Before the strangers left, they gave Abraham a promise. “Within the year, your wife will give birth to a son.” Sarah laughed when she overheard it. Given her age, the promise seemed impossible. But, the impossible happened. Within the year, Isaac was born. Abraham and Sarah, as good as dead, welcomed the future that God had made possible. (Genesis 17.23-18.6)

Isaac was the father of Jacob who had twelve sone, whose children become the twelve tribes of Israel. One of the children of one of those twelve tribes was Jesus of Nazareth. He became part of a family with as many members as the stars in the sky, if you were able to count them.

Ever since Abraham and Sarah, we have been a people for whom offering hospitality to strangers has been a central practice. You never know what promise those strangers might bring. “Do not neglect to show hospitality to strangers,” says our scripture, “for by doing so, some have entertained angels without knowing it.” (Hebrews 13:2)

Easter tells you, “The stranger you meet might even be something more than an angel. The stranger might be the risen Christ drawing near to you. This is what two disciples in today’s gospel story discovered.

It happened three days after Jesus had been crucified. They had lost all their hopes, all their dreams. It happened less than twelve hours after the first reports were coming in that Jesus had been raised from the dead — the first indications that the world they thought they knew was gone. Some new reality was taking its place.

They were confused and frightened and disoriented. So, they were leaving Jerusalem and all its uncertainty. They were heading home to Emmaus. Emmaus is the place you go to try to escape the changes you cannot control. It is the familiar place to which you retreat when you are trying to get your world back the way it was. It was on the road to Emmaus that a stranger joined these two disciples.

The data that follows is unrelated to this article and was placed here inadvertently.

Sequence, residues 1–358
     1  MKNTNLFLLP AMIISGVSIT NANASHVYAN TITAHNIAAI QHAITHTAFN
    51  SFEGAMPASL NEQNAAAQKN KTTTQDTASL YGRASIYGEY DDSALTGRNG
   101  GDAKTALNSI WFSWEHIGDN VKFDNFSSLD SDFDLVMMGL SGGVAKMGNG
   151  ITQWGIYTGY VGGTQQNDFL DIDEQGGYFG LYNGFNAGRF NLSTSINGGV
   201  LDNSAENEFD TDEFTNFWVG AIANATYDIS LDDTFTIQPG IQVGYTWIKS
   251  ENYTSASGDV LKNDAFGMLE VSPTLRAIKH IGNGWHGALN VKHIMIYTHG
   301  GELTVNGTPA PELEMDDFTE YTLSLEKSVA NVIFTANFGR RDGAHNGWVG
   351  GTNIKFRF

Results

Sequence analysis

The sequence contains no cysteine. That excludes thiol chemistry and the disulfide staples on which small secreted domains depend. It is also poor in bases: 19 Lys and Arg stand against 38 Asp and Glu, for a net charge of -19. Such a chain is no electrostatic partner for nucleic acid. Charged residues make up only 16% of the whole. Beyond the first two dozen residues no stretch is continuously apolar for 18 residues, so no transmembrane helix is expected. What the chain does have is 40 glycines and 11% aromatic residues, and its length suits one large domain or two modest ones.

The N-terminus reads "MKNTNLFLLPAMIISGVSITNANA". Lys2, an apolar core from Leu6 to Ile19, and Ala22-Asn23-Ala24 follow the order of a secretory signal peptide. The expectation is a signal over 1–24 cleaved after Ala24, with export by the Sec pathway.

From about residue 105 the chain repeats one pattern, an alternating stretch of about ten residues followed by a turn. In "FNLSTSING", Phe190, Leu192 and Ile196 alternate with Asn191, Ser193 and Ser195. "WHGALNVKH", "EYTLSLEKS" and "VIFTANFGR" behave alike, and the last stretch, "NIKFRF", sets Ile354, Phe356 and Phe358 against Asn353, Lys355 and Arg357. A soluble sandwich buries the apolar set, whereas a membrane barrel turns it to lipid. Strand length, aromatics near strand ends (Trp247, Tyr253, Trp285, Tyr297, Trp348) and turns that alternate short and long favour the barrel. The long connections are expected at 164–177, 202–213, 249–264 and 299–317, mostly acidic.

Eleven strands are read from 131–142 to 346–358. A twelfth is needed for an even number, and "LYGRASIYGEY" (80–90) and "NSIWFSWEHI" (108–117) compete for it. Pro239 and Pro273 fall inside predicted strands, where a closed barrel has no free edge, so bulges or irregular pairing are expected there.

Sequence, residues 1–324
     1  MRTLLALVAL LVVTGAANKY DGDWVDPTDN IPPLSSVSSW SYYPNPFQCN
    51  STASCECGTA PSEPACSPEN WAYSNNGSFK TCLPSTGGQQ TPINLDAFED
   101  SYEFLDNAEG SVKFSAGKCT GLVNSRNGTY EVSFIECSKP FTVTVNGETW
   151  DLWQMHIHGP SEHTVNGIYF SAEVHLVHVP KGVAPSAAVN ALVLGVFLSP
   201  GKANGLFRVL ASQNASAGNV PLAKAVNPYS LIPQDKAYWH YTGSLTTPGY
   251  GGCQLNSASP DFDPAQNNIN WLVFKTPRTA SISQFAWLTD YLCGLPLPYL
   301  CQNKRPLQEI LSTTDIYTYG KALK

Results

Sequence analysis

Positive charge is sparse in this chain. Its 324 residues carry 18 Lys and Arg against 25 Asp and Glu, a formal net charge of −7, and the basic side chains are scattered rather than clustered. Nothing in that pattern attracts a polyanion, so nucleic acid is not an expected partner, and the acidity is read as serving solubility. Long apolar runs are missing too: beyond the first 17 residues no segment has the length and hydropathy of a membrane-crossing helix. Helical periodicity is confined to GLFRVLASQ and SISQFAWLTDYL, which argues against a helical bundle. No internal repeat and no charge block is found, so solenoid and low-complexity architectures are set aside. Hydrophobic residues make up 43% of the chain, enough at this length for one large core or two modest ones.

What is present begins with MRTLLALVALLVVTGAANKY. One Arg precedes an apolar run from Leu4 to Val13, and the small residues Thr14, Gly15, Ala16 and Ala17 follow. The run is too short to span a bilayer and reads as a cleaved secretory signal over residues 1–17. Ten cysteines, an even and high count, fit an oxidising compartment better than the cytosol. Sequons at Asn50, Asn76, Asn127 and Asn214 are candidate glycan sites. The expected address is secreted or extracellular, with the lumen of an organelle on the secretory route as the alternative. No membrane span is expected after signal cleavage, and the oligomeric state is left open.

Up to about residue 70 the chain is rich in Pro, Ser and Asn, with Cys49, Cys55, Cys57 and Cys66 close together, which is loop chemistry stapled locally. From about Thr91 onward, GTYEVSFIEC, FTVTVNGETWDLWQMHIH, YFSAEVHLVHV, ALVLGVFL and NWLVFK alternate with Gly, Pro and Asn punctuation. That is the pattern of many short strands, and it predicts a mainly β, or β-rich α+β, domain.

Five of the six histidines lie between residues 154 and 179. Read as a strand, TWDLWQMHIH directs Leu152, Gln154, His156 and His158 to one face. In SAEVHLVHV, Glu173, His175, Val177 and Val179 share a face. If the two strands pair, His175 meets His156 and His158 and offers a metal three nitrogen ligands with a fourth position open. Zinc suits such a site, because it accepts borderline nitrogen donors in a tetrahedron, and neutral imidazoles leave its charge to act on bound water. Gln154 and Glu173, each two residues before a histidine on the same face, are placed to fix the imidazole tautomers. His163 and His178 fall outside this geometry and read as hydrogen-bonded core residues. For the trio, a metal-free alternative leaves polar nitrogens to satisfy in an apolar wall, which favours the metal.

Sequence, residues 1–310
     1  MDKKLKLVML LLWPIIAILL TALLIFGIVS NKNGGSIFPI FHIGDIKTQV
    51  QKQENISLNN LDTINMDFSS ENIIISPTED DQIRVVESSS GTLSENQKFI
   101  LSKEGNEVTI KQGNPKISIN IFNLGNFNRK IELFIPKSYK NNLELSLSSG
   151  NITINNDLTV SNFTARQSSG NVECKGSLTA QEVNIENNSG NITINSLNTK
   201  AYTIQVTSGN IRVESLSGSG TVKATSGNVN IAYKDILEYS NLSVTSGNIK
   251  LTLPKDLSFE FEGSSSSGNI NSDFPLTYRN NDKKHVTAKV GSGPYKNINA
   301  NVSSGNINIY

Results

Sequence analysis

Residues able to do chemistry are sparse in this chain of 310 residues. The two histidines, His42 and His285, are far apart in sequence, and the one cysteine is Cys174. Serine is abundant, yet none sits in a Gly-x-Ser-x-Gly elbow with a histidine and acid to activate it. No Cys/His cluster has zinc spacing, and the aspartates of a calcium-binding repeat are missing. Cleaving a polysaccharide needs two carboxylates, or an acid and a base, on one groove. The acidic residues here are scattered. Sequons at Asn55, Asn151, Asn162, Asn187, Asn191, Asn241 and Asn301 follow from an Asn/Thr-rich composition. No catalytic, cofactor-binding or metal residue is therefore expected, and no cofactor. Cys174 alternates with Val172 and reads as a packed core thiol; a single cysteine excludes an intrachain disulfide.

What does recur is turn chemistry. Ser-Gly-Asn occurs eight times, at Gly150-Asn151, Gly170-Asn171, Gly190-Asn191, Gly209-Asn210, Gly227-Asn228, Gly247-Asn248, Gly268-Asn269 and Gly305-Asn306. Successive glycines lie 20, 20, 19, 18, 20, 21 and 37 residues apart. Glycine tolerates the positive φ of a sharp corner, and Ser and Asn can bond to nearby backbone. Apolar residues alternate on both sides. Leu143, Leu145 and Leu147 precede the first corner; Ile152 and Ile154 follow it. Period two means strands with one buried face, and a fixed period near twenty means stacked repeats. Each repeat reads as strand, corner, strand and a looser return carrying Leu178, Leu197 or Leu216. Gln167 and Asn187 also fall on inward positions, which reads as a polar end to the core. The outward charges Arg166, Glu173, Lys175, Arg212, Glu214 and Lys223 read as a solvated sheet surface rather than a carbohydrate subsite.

He asked questions. They poured out their anger and doubt and despair. He talked and told them the stories of their faith. He helped them find their place in the stories of God’s powerful new beginnings in the midst of impossibilities and hard endings.

They got to Emmaus around supper time. In keeping with their tradition, they offered the stranger the hospitality of a meal. When the stranger took the bread, blessed it, broke it and gave it to them, they realized that he was not a stranger at all. He was Jesus: risen from the dead; present with them; showing up unexpectedly and unrecognized.

It happens again and again in the Easter stories: Mary at the tomb, thinking Jesus was the gardener; the disciples fishing in Galilee when a stranger prepares breakfast on the beach.”

These stories of Jesus’ unexpected, surprising appearance are training you to see Jesus in your life. “Pay attention,” they say. “A risen Saviour is on the loose in your world. You never know when he will show up or how — but it will be in places you do not expect him. He won’t look anything like what you think a saviour should look like. Stay alert.”